A Bird That’s Worth It
The email dropped into my inbox the minute I returned from putting my son down for a nap. I sat there for a minute, still processing the information contained therein. Then I stood up, walked over my phone on the kitchen counter and texted Ali Iyoob, who in doing an NC Big Year would find this information extremely interesting. Then I returned to the computer to consider my options.
Vanellus vanellus was in a field not more than an hour away from my home. Northern Lapwing. One of NC’s more confounding species which has only been seen in the state on two occasions. The first a collected species in Chatham County in 1926. The second a one-hour wonder, beautifully photographed, at Mackay Island NWR, which isn’t even accessible by land from anywhere else in NC. We all expected it at some point, particularly this year where the Euro crested plover has been seen from Maine to Georgia. And here it was. The red phone was ringing.
But still, my wife had just left the house for a run. My son was sleeping. How was I going to manage this?
So I did what any self-respecting birder would do. I marched back upstairs and woke him up.
Thankfully he wasn’t asleep yet, and completely game for anything that would prevent him from taking a nap. He even got his shoes and sock on, like pulling teeth of late, in record time. So I packed a few snacks and a few toys in the travel bag, grabbed the optics, threw the kid in the car seat, and made tracks to Person County up near the Virginia border. And for the record, the Raffi station on Pandora is not an entirely uncomfortable way to spend travel time.
I had been communicating with a couple other birders on my way up to the lapwing spot, but I was the first one on the scene when I pulled into a church parking lot and set up my scope. The spot was a fortunate one, as the church was not only off the road, but hosted a little playground not more than 50 meters away. I unloaded the material as Noah ran off to play on the slide. I spotted a small flock of Killdeer and started examining them. This was looking better and better.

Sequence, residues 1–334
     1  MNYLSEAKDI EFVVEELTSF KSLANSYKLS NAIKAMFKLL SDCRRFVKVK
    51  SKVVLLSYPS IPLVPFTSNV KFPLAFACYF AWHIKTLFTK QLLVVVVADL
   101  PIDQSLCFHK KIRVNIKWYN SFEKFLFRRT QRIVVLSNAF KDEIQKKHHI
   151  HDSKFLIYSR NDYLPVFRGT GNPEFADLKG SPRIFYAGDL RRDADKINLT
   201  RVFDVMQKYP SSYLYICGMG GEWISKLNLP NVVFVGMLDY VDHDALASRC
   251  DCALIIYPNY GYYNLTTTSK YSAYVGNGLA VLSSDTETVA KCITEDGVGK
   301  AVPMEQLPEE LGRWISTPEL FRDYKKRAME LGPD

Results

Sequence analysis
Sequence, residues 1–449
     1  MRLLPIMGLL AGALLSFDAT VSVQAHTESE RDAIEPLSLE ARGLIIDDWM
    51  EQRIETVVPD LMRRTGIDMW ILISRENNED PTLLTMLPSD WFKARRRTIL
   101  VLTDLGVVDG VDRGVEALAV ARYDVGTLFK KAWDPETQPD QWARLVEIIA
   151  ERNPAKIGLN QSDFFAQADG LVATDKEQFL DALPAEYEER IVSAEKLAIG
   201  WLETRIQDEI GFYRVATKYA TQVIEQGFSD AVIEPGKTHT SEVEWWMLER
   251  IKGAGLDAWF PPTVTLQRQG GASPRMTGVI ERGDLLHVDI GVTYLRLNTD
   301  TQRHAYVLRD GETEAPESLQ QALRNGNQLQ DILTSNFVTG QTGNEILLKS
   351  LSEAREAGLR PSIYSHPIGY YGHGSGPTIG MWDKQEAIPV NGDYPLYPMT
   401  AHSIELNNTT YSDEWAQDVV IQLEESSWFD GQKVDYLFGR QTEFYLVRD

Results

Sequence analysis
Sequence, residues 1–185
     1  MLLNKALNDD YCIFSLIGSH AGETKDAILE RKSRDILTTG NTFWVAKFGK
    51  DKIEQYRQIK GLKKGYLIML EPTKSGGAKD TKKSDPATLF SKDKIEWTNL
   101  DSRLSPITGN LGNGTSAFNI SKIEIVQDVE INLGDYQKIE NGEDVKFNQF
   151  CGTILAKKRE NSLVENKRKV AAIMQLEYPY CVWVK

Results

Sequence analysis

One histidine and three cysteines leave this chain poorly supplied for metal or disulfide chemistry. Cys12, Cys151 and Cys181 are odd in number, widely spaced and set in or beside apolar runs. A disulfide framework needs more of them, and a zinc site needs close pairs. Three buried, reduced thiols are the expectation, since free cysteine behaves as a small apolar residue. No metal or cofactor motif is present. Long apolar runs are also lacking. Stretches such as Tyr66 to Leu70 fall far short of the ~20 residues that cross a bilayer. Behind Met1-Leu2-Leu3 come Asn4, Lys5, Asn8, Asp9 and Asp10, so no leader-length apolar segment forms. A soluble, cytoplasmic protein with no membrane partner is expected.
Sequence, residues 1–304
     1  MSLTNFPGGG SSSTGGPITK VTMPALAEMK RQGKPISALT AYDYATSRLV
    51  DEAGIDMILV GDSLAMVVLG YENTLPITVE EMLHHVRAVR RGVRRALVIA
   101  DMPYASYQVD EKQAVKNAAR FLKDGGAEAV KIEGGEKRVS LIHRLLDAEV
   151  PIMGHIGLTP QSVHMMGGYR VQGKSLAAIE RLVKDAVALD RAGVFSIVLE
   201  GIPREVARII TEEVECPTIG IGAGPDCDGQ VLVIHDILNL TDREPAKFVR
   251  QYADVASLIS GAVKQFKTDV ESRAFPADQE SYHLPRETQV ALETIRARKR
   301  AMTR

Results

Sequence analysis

Jeff Pippen was next to arrive. Followed shortly by Robert Meehan. We lined up three abreast on the hill and went to work on the Killdeer in the field. One odd bird stepped out from behind a clod of dirt and started preening. It threw its head this way and that and I kept thinking that it sort of looked like it had a little crest. A pause confirmed it. “I have it”, I said. Well, I sort of yelled.
My own photos are fairly awful as the bird was about a quarter mile away. Close enough to see something that looked absolutely nothing like the Killdeer it was associating with though. Bigger, fatter, and with the killer chapeau. High fives were exchanged, good-natured ribbing at the expense of those birders who were not able to drop everything and rush out to Person County ensued. Everyone was in a pretty excited mood, not least of which because it took about five minutes to find it.
My son, fresh off of collecting every acorn cap in the vicinity for me to shove in my pockets, even got a look at it. Or so he says. Not a bad bird for a 3 year old. Or any year old for that matter.
The parking lot kept filling up. Two members of the NC Bird Records Committee were there in short order. Ali Iyoob, he of the current attempt at the NC Big Year record, rolled in with tires squealing. Two women, on their way to see the lapwing currently in Georgia no less, were happy to avoid that multi-hour trip. Everyone was in a great mood as the bird, in the parlance of our community, showed remarkably well but for the fact it was fairly distant. No one went away unhappy, though. Lapwings make everyone glad.
We stayed for an hour before leaving, making it home just in time for dinner. The kid was great, a real pro even without a nap. After all, some birds are worth sacrificing just a little bit for.